5 Things I learned at the TLP Law Apprenticeship Conference
TLP held a law apprenticeship conference recently which was sponsored by BPP law school. We asked one of our contributors, Holly, what she learned from it, and she gave us her five key takeaways.
Read on for some top tips to help secure yourself one of these fantastic apprenticeships opportunities which are only increasing in number.
When I was at school, the idea of entering the legal profession without a degree and an LPC (Legal Practice Course) qualification was baffling to me. It simply did not seem like an option. So when I attended The Lawyer Portal’s conference on law apprenticeships, I was surprised by the breadth of experiences and opportunities on offer.
With that in mind, this article will outline the key five things I learned from the event.
1. You should pay attention to the legal profession’s ‘best-kept secret’
CILEx is the kind of word a student interested in a career in law may have heard before but is not able to define. It turns out that doing some research into it could mark the start of an exciting path into the legal profession.
CILEx, which stands for the Chartered Institute of Legal Executives, offers numerous law apprenticeships. Firstly, there’s a paralegal apprenticeship lasting two years. Secondly, a five-year apprenticeship programme to become a Chartered Legal Executive.
Other types of apprenticeship include the Solicitor Degree Apprenticeship, which takes six years and results in a qualifying law degree.
2. Opportunity is everywhere
The number of law firms offering solicitor and/or paralegal apprenticeships is rising. Ashurst, Clyde & Co, Dentons, Freshfields, Macfarlanes, Osborne Clarke and Pinsent Masons are just a few of the legal heavyweights involved.
However, law apprenticeships are not and should not be limited to practising firms. ITV and the BBC are just two major British companies who have offered law apprenticeships in the past.
It should be noted that although generally 5 A-C Level GCSEs are required for applications, some firms have set a higher standard with some firms expecting ABB.
Find out more about law firm opportunities on our featured firms page.
3. Law apprenticeships have huge financial benefits
The average UK graduate leaves university following a three-year degree with debt greater than £50,000. For those who are continuing down the solicitor route, the LPC will follow. This can cost between £9,500 and £17,000.
Of course, for some students, this will be paid for as one of the terms of their Training Contract. However, for those who have not yet secured this kind of LPC sponsorship, the price of their route into the legal profession increases.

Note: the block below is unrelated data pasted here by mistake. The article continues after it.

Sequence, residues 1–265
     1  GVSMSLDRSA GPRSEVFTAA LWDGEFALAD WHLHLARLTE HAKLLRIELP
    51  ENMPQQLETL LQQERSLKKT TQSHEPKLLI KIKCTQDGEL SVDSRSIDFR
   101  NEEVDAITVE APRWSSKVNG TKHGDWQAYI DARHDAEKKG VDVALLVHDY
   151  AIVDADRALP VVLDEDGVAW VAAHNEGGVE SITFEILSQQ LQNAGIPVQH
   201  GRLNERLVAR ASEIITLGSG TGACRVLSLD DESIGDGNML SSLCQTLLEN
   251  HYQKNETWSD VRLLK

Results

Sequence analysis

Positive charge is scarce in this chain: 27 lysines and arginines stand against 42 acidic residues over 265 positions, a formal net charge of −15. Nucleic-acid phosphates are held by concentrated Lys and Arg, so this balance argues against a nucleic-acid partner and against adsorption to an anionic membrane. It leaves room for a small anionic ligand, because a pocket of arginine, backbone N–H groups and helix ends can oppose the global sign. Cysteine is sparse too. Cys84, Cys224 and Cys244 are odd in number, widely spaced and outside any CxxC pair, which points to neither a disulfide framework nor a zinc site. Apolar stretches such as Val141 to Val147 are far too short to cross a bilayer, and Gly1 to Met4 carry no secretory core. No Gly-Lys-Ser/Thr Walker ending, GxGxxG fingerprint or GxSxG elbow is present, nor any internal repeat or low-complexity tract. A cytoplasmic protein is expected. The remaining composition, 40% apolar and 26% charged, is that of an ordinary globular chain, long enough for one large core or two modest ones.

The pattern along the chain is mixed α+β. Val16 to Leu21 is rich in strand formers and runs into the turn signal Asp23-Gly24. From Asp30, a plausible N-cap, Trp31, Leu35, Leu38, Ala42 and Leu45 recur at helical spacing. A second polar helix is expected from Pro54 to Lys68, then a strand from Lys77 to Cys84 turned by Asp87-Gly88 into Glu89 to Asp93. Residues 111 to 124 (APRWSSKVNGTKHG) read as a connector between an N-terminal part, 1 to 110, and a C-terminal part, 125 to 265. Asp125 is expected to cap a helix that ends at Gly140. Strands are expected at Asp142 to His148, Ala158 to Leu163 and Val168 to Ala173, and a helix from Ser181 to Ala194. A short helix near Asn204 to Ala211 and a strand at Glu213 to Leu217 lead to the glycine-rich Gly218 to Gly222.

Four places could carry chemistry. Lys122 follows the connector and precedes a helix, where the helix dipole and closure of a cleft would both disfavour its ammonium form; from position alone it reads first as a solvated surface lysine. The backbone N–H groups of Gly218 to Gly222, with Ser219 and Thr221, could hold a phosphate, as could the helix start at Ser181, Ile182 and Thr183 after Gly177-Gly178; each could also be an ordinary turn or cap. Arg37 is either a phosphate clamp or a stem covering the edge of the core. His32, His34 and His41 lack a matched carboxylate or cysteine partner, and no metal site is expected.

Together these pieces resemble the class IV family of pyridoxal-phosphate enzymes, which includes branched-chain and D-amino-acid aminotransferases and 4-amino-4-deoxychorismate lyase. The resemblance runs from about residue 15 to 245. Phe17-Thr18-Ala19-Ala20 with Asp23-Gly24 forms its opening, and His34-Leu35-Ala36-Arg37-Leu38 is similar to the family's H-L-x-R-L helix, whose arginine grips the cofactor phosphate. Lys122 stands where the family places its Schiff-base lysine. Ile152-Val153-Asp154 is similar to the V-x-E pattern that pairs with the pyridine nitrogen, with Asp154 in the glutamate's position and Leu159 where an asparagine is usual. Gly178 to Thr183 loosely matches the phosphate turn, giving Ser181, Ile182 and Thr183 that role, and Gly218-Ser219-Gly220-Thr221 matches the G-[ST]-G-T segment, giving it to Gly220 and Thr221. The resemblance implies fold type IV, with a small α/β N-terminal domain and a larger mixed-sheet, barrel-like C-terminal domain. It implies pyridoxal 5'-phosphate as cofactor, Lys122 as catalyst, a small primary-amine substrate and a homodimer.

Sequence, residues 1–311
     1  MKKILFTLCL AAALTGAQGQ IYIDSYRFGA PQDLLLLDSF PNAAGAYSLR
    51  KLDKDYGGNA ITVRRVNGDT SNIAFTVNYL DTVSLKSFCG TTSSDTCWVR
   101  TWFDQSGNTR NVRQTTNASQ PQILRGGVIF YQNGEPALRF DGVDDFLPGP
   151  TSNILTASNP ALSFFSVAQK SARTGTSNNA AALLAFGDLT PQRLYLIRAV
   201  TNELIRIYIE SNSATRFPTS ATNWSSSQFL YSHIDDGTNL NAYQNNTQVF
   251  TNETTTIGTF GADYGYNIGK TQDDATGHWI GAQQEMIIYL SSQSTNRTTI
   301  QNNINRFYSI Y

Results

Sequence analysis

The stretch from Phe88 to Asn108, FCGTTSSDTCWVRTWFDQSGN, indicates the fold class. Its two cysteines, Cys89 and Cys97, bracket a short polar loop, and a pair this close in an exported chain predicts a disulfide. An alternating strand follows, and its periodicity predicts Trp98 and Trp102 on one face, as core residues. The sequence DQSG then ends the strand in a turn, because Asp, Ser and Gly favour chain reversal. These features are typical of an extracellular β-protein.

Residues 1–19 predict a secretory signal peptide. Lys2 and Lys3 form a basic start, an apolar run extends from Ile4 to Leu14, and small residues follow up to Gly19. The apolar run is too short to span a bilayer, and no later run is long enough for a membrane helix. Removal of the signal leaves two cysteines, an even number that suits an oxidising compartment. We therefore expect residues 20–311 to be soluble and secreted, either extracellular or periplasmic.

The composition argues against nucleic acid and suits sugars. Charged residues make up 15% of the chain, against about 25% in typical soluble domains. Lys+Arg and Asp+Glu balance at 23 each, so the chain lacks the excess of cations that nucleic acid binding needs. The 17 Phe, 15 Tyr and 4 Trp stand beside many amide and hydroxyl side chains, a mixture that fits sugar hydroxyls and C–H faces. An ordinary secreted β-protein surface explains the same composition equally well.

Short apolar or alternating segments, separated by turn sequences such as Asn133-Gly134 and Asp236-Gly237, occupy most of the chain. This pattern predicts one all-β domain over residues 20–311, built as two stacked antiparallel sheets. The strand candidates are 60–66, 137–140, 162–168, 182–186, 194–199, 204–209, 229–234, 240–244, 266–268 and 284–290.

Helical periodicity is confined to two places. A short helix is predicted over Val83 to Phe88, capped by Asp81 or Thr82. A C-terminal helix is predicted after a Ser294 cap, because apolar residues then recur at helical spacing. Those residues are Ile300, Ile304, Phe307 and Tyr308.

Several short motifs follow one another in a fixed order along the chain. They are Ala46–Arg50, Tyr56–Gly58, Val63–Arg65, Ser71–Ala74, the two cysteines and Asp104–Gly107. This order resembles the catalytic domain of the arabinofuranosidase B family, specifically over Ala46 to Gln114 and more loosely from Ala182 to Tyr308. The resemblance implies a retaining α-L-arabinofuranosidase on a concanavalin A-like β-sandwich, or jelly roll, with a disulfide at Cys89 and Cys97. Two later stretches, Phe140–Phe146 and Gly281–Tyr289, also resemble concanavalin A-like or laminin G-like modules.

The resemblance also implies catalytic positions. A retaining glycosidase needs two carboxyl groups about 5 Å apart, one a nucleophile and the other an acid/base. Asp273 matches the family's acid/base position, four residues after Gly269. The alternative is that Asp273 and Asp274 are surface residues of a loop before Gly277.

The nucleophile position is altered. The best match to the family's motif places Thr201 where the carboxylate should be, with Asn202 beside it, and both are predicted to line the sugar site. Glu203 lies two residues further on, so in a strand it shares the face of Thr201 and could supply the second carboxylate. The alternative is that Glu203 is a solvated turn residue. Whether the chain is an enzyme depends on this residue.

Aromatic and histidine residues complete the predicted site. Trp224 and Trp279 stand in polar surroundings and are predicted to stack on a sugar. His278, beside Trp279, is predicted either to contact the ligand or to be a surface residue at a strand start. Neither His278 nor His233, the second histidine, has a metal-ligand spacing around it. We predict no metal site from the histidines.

However, a law apprenticeship doesn’t carry this financial burden. Receiving a salary of usually between £11,000-£18,000 annually and having your university fees paid for is certainly a very attractive option.
4. Undertaking a degree and a full-time job simultaneously is tough
If the thought of working a normal 9-5 job then continuing to study in the evenings fills you with dread, then perhaps a law apprenticeship is not a viable option for you. Therefore, this should be considered carefully alongside the financial advantages of an apprenticeship.
Undertaking an apprenticeship whilst earning a law degree is tough and will require huge dedication. (Also shown by the length of the programme – 6 years needs commitment). But it’s definitely possible!
Some people also argue that an apprenticeship may mean missing out on ‘the university experience’. While this should be an important consideration, it’s not exactly true.
With apprenticeships also offering the opportunity to complete a qualifying law degree at an institution like BPP Law School, for example, there are opportunities to meet and socialise with university students, including those who are also undertaking apprenticeships.
Therefore, whilst completing an apprenticeship will mean an entirely different university experience, it doesn’t mean you’ll miss out entirely.
5. You should prepare well for the apprenticeship interview
Before the apprenticeship interview, very few candidates will have had any experience of such a formal event. Nerves are completely normal. However, there are a few steps that can be taken to reduce these.
Firstly, research should be done so you can find out what exactly the recruitment process entails.
Most law firms will require a skills-based assessment and will also likely monitor a group activity. While it’s hard to prepare for these, there are practice tests online for the skills-based assessments.
Otherwise, research of the company and the work they have done with previous apprentices will help.
Therefore, the main thing I took from The Lawyer Portal’s event was really how much was on offer and that further research would unearth even more opportunities.
It’s clear that undertaking a law apprenticeship is both exciting and educational, whilst giving the apprentice a great start to their career.